… One way is to present the Holocaust as something that happened to the Jews; as an event in Jewish history. This makes the Holocaust unique, comfortably uncharacteristic and sociologically inconsequential. (…) Another way - apparently pointing in an opposite direction, yet leading in practice to the same destination – is to present the Holocaust as an extreme case of a wide and familiar category of social phenomena; a category surely loathsome and repellent, yet one we can (and must) live with. We must live with it because of its resilience and ubiquity, but above all because modern society has been all along, is and will remain and organization designed to roll it back, and perhaps even to stamp it out together. Thus the Holocaust is classified as another item (however prominent) in a wide class that embraces many ‘similar’ cases of conflict or prejudice, or aggression. (Bauman, 1989, p.1-2)

 

Hitler was a right wing radical. Like Trump and his supporters.

This quote illustrates that horrible historic events, as well as great ones, are the product of our society. The individuals who participated in this, have been blinded by the system. Following orders. Not thinking for themselves. Believing in the belittlement of a group of people for no other reason than because someone told them to.

Why bring this up?

Because we see it over and over again. We see it in Gaza, oppressed by the state of Israel who still succeeds to play the victim. We see it with Afro-Americans in the US portrayed as the agressors when they are heavily and unjustly incarcerated and confined to ghettos subsequent to unfair policies and gentrification. We see it with the Native Americans whose sacred land and rights are baffled for the greed of a few. We see it with women around the world whose no is less important than his yes. The list goes on.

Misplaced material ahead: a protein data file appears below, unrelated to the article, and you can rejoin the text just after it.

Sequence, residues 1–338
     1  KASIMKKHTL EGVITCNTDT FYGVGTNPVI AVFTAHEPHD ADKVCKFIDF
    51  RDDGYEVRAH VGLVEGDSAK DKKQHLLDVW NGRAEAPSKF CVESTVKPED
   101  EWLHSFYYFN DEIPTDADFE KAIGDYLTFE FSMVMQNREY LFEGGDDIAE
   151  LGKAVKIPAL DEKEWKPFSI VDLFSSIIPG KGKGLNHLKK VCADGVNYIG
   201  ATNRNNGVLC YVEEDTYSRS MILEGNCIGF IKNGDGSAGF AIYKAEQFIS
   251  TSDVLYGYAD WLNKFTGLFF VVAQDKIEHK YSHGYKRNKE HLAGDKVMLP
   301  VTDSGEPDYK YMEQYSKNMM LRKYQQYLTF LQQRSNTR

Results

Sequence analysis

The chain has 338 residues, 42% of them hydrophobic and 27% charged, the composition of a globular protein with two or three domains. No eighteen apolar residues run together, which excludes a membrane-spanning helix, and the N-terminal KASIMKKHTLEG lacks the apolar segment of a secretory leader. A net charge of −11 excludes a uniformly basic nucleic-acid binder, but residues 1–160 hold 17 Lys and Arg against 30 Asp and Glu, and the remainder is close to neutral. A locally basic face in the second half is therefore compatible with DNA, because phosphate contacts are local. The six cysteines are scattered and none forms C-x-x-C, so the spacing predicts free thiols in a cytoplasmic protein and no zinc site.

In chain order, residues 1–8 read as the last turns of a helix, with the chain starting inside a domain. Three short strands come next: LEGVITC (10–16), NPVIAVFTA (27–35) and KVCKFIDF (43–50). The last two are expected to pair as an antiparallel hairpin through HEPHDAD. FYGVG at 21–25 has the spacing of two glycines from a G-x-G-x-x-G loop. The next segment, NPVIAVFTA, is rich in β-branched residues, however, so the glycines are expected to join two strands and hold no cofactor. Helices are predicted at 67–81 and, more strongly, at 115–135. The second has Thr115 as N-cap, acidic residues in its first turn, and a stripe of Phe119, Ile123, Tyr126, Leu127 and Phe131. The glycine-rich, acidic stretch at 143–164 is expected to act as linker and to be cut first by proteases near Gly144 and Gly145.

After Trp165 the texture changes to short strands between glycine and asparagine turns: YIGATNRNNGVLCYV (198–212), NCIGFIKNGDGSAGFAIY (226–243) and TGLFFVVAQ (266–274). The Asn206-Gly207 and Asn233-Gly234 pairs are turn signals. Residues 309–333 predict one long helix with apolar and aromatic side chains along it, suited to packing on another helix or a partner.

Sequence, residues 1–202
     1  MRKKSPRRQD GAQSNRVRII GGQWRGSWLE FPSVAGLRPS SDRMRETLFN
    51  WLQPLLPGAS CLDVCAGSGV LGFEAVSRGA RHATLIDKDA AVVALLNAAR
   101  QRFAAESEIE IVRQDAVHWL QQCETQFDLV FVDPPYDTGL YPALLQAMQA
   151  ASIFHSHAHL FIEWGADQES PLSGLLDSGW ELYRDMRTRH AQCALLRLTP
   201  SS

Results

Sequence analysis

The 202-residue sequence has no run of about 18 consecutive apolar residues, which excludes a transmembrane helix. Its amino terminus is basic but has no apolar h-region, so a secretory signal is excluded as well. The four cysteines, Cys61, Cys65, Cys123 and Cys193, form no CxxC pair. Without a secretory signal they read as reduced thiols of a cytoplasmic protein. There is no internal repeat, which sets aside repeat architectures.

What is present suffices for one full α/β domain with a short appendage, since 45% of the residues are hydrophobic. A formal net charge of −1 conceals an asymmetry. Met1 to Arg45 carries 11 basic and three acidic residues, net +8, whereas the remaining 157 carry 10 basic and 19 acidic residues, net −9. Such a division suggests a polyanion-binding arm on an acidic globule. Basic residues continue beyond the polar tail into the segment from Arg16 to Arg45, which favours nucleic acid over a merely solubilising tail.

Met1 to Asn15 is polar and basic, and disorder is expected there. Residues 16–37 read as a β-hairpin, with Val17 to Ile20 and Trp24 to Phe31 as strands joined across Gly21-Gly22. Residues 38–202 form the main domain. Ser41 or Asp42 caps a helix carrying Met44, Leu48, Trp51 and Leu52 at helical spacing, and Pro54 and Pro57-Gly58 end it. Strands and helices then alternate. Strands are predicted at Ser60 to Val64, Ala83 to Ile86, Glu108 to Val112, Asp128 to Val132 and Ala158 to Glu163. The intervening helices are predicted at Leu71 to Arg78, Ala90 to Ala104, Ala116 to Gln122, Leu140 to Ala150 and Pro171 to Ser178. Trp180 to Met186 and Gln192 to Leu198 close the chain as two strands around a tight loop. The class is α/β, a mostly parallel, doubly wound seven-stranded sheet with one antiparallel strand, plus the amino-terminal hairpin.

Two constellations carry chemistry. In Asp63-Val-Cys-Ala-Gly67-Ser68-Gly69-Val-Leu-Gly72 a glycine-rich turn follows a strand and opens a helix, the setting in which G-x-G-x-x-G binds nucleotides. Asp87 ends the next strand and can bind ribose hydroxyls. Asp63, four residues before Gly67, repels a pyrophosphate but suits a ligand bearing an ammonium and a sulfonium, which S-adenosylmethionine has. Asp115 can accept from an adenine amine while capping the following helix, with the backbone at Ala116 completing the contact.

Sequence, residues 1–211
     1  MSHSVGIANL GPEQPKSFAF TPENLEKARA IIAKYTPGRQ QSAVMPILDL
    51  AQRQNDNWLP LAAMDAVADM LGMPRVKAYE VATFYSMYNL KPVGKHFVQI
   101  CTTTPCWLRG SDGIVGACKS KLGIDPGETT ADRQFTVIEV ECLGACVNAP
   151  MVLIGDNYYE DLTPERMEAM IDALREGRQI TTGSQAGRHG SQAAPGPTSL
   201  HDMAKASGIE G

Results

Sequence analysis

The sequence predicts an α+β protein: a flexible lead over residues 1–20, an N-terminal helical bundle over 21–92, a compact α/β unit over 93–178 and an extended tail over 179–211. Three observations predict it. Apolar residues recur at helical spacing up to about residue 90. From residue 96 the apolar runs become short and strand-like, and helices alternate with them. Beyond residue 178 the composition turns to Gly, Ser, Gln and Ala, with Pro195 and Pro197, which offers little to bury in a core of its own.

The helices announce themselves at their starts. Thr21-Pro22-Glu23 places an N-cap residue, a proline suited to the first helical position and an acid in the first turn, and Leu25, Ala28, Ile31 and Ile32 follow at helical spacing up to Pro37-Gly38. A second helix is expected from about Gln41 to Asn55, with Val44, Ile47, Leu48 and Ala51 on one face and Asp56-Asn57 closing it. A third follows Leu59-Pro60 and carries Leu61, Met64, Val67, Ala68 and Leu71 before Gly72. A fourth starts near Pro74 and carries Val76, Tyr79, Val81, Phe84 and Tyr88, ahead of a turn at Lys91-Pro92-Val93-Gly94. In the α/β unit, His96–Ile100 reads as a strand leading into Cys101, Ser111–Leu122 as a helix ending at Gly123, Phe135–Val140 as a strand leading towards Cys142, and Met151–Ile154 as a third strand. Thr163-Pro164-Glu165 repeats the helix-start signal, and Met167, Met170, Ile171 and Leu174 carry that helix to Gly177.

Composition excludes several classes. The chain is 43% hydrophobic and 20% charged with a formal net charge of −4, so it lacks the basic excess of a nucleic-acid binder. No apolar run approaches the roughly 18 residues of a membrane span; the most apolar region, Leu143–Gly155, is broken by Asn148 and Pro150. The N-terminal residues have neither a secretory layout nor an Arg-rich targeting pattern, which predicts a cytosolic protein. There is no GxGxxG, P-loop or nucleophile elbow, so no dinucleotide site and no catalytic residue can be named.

We like to think that if we are not directly affected by it, we have no role in it.

That is why, not only was this election so divided, but Trump has been elected. Because these people don’t know better. Because some Americans seem to not know there is a world outside of ‘Murica.

It seems to me, that this is what happens when people only care about making enough money, or making lots of it, without thinking of their imprint on humanity.

However, I don’t want to end so negatively.

Some maps and statistics show millennials did not root for Trump. The next generation is always more informed and more open to the world. We see millennials wanting to learn, experience, travel, live. Imagine the generation that will follow.

Hopefully, America won’t be able to deny this event. The way they deny that their land is not theirs…. This will go in history books as a sad day for humanity. It has too. I do welcome Trump to surprise me – in a good way – but I highly doubt it.

Hopefully, too, this will fuel the need to converse. To speak our mind. To share our thoughts. To find a balance. To strive, to aim, to want a better world for ourselves. To stop being silent on so many issues.

So maybe, just maybe, the same way the darkest hour is just before dawn, some good will eventually come out of it.

 

-OneLove

 

 

© Fabiana Diaz